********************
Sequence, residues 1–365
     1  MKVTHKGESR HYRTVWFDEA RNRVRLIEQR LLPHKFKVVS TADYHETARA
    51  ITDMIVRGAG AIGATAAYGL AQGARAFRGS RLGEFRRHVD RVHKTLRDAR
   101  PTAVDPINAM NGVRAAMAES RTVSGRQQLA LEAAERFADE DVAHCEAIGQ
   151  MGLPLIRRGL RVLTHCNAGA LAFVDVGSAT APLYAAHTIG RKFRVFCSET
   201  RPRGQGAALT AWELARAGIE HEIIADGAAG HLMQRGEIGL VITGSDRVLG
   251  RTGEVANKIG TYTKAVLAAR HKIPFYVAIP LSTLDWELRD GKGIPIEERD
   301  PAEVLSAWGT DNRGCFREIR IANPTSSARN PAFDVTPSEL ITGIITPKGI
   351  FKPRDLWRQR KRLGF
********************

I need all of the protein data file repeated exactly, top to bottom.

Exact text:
Sequence, residues 1–365
     1  MKVTHKGESR HYRTVWFDEA RNRVRLIEQR LLPHKFKVVS TADYHETARA
    51  ITDMIVRGAG AIGATAAYGL AQGARAFRGS RLGEFRRHVD RVHKTLRDAR
   101  PTAVDPINAM NGVRAAMAES RTVSGRQQLA LEAAERFADE DVAHCEAIGQ
   151  MGLPLIRRGL RVLTHCNAGA LAFVDVGSAT APLYAAHTIG RKFRVFCSET
   201  RPRGQGAALT AWELARAGIE HEIIADGAAG HLMQRGEIGL VITGSDRVLG
   251  RTGEVANKIG TYTKAVLAAR HKIPFYVAIP LSTLDWELRD GKGIPIEERD
   301  PAEVLSAWGT DNRGCFREIR IANPTSSARN PAFDVTPSEL ITGIITPKGI
   351  FKPRDLWRQR KRLGF